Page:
October 24, 2019 

By Saybin Roberson 

Contributing Writer 


PUSH LA “Reimagine Protect & Serve,” a new social justice coalition made of 15 organizations across Los Angeles gathered to produce a letter of demands for Mayor Garcetti and Los Angeles Police Department Chief Michel Moore regarding police reform. Upon delivering the letter, a press conference was held in front of the Los Angeles Police Department Headquarters with speeches from organization leaders, community members and more.


PUSH LA, which stands for (P)romoting (U)nity (S)afety and (H)ealth is a cross-sector coalition of base building, advocacy, labor, interfaith organizations supporting Black and Brown people. Formed in 2019, after the LA Times published an article that revealed that the LAPD is searching Black and Latinx drivers at a ration of 4 to 1 and 3 to1 in comparison to white drivers. Also noticing, in these instances, they find less contraband when racially profiling and often leading simple traffic stops to violence and at times, death.


Wednesday, October 9, the coalition held the press conference beginning chanting, “Too Black, Too Strong. All Power To The People,” and “Stop the Stops.” The crowd, full of Black and Brown faces became extremely energized by the cause and the continuous fight against police brutality sported matching shirts and held signs that also read, “stop the stops.”


An introduction by President and CEO of Community Coalition, Alberto Retana set the press conference in motion.


“We are here today because we are outraged by the continued criminalization of Black and Brown people in Los Angeles,” he expressed. “We’ve been suffering this for decades, for generations!”


“Today we won’t the LAPD deny delay or look the other way,” he continues, referring to the police department denial of racially profiling and targeting Black and Latinx communities. 


The letter written to Mayor Garcetti and Chief Moore demands police end the stops, holding both accountable to publically and officially admit to racially profiling along with an apology to residents of South LA. The coalition also asks for reparations for unlawful stops and searches and disciplinary actions and removal of cops who abuse and overuse their power.


“These changes to Metro’s policing style in South Los Angeles vindicate what our community has been saying all along about the highly imbalanced use of pretextual stops on Black and Brown people,” Retana said in a statement. “We need to ensure that there’s proof that the stops by Metro are in fact ending, which means the LAPD must be transparent in its release of real data in regular reports.”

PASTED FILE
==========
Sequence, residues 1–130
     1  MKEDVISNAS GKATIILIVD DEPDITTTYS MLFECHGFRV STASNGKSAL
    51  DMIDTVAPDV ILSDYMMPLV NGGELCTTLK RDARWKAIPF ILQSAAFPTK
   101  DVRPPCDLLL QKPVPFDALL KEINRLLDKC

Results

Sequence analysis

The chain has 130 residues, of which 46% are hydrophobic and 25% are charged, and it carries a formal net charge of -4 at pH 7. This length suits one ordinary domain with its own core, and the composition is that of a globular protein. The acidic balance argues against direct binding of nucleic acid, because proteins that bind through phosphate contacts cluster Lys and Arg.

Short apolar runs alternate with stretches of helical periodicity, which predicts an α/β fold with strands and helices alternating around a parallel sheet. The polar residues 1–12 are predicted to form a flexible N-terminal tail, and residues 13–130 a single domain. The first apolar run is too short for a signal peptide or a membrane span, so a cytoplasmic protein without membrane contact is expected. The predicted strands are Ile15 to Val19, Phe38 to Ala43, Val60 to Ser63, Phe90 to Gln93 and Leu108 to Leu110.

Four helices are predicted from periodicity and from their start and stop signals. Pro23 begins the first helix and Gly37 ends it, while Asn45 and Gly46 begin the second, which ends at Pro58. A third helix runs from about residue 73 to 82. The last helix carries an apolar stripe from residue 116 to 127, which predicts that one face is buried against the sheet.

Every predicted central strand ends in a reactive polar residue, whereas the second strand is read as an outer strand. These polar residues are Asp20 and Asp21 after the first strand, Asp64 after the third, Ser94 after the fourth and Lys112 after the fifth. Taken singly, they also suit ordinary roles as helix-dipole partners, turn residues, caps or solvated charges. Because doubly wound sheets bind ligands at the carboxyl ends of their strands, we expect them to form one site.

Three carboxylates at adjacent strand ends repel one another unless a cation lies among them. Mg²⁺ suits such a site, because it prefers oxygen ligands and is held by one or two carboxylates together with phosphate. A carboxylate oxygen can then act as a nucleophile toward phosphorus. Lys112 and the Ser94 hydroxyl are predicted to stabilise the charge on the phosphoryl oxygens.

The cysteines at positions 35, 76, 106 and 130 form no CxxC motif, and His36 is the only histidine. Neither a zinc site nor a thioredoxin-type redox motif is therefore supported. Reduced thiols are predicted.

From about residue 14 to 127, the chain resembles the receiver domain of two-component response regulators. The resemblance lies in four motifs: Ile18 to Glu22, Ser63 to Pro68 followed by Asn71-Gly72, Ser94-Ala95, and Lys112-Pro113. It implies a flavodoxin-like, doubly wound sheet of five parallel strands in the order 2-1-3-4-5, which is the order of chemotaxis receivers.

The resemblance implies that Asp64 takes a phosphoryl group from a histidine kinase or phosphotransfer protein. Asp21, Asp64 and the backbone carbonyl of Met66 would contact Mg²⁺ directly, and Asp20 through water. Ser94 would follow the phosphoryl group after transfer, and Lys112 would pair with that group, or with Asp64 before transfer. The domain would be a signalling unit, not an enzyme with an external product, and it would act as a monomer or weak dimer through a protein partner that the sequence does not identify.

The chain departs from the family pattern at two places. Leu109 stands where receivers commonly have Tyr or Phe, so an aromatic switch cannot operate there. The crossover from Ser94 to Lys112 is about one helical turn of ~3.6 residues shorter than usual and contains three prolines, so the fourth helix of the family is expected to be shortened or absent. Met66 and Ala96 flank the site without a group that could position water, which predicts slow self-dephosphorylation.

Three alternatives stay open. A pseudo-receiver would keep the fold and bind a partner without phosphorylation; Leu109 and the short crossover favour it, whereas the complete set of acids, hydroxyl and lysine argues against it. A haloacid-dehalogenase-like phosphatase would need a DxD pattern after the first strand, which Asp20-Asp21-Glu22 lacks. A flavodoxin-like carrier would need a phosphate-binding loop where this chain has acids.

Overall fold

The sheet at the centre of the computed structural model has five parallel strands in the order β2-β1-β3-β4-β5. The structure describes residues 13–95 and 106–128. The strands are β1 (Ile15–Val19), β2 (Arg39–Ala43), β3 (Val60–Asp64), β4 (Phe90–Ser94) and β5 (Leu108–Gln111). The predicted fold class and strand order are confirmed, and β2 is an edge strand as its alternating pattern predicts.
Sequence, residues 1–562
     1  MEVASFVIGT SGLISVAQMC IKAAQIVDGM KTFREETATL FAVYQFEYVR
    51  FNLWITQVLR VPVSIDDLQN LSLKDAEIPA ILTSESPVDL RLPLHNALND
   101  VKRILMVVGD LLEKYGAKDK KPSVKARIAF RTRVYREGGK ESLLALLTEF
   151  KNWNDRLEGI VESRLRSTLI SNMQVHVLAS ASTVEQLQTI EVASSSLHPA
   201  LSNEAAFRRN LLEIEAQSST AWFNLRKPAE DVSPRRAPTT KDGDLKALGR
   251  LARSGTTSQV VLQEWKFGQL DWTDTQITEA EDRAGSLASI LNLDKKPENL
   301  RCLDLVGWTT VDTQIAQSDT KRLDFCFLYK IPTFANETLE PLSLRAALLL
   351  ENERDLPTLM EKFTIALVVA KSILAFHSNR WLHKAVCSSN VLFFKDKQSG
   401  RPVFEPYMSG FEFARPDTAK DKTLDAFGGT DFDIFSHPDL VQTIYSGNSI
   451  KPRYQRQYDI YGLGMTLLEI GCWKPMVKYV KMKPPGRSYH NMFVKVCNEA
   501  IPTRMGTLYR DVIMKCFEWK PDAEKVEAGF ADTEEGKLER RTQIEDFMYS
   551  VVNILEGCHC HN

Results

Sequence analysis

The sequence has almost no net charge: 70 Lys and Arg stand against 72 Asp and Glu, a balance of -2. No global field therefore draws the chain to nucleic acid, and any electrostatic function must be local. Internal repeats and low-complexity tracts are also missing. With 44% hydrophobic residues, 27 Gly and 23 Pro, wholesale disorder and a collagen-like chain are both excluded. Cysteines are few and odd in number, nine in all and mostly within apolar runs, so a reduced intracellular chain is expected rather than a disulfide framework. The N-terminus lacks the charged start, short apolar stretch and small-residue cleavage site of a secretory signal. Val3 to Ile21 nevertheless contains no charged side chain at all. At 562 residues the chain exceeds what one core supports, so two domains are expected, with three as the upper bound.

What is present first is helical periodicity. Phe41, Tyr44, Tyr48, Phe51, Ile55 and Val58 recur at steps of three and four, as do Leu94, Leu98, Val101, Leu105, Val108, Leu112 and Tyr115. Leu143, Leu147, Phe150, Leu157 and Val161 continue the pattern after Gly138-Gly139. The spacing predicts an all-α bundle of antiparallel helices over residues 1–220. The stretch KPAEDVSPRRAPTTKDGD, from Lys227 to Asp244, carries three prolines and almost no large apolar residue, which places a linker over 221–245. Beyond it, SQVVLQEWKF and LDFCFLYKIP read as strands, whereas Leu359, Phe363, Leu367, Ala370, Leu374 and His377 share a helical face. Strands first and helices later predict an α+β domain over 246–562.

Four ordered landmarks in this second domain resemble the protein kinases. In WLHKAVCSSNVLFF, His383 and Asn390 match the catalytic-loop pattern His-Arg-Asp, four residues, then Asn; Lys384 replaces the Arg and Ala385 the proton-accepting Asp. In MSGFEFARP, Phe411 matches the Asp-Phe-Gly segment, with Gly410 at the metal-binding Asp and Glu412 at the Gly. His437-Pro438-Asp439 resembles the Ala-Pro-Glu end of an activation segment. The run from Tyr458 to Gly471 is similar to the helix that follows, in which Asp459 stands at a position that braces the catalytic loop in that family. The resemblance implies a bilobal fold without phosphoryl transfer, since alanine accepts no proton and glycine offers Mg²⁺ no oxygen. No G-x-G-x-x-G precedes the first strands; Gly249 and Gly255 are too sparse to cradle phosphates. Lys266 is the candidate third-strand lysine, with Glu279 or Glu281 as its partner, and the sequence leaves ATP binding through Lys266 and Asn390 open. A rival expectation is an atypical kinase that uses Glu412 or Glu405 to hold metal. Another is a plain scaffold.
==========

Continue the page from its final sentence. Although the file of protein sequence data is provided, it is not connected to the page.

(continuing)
Along with an opening from Alberto Retana, speeches from David Turner, manager of Brothers, Sons, Selves, coalition of L.A., Melina Abdullah, Black Lives Matter Los Angeles, Mary Williams, grandmother of Keith Bursey who was killed by LAPD in 2016, Bryant Mangum, South LA resident, Adrienne Wong, staff attorney at ACLU of Southern California, April Verrett, President of SEIU Local 2015, and Reverend Edward Anderson, Regional Organizer at LA Voice.


David Turner began his speech with a memory from when he was just six-years-old, he watched and learned from the backseat to fear the police simply because he was Black. His revelation is a common story for many Black and Brown people, a revelation that Mary Williams, Bryant Mangum, and more persevere through every day.


Mangum shared several instances where he was harassed by police in front of his children and home. Each event he shared involved violence with the police and overuse of force and power, which increased his fear in those who are supposed to protect. He continues, “after these violent experiences, I feel less inhuman when dealing with police and LAPD. I feel like no one is policing the police, I feel like there's no justice and I don't feel safe driving at night anymore.”


Turner said during his speech, “my skin color has consequences,” and the article by LA Times proves this to be true. With the work done by PUSH LA changes are to come as the coalition has no intention of letting up until their demands are met.


“If you are tired of what’s happening, if you want to change things, you can do it. You don’t have to wait,” Turner said. “If you ever wanted to think about what it was like to be in the civil rights movement, you woke up today, you’re here now. You can do something about this.”


To learn more about PUSH LA and its mission visit https://pushla.org/.

Category: News